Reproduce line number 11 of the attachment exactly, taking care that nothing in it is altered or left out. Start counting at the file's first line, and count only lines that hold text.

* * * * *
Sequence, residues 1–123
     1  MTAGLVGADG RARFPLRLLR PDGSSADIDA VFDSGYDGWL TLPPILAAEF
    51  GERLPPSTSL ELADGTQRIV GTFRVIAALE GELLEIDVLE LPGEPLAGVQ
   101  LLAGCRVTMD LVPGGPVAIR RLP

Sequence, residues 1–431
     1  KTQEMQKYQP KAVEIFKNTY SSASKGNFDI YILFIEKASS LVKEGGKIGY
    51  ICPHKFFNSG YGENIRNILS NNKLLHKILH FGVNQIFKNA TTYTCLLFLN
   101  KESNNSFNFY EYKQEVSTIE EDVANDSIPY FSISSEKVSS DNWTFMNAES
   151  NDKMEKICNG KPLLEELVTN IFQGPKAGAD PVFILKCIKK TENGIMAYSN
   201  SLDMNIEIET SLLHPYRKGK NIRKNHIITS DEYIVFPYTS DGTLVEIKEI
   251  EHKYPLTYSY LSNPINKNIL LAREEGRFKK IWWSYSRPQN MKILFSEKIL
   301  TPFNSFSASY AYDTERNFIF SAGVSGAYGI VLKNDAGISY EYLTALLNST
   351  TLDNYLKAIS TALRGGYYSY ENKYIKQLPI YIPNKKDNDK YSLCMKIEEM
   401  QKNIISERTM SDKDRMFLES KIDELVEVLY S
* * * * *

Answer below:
   251  EHKYPLTYSY LSNPINKNIL LAREEGRFKK IWWSYSRPQN MKILFSEKIL